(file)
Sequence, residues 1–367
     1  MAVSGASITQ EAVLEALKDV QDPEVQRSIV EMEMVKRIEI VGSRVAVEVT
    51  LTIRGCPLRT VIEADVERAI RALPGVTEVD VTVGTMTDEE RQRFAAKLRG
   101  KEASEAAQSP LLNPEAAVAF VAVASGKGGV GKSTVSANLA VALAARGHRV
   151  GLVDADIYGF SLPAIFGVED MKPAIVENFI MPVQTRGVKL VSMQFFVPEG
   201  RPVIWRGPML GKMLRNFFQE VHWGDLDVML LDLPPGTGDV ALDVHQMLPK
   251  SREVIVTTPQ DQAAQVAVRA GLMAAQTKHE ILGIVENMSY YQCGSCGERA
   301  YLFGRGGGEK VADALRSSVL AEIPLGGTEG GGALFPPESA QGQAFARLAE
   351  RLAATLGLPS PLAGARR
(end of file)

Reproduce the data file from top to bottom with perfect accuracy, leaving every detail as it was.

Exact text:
Sequence, residues 1–367
     1  MAVSGASITQ EAVLEALKDV QDPEVQRSIV EMEMVKRIEI VGSRVAVEVT
    51  LTIRGCPLRT VIEADVERAI RALPGVTEVD VTVGTMTDEE RQRFAAKLRG
   101  KEASEAAQSP LLNPEAAVAF VAVASGKGGV GKSTVSANLA VALAARGHRV
   151  GLVDADIYGF SLPAIFGVED MKPAIVENFI MPVQTRGVKL VSMQFFVPEG
   201  RPVIWRGPML GKMLRNFFQE VHWGDLDVML LDLPPGTGDV ALDVHQMLPK
   251  SREVIVTTPQ DQAAQVAVRA GLMAAQTKHE ILGIVENMSY YQCGSCGERA
   301  YLFGRGGGEK VADALRSSVL AEIPLGGTEG GGALFPPESA QGQAFARLAE
   351  RLAATLGLPS PLAGARR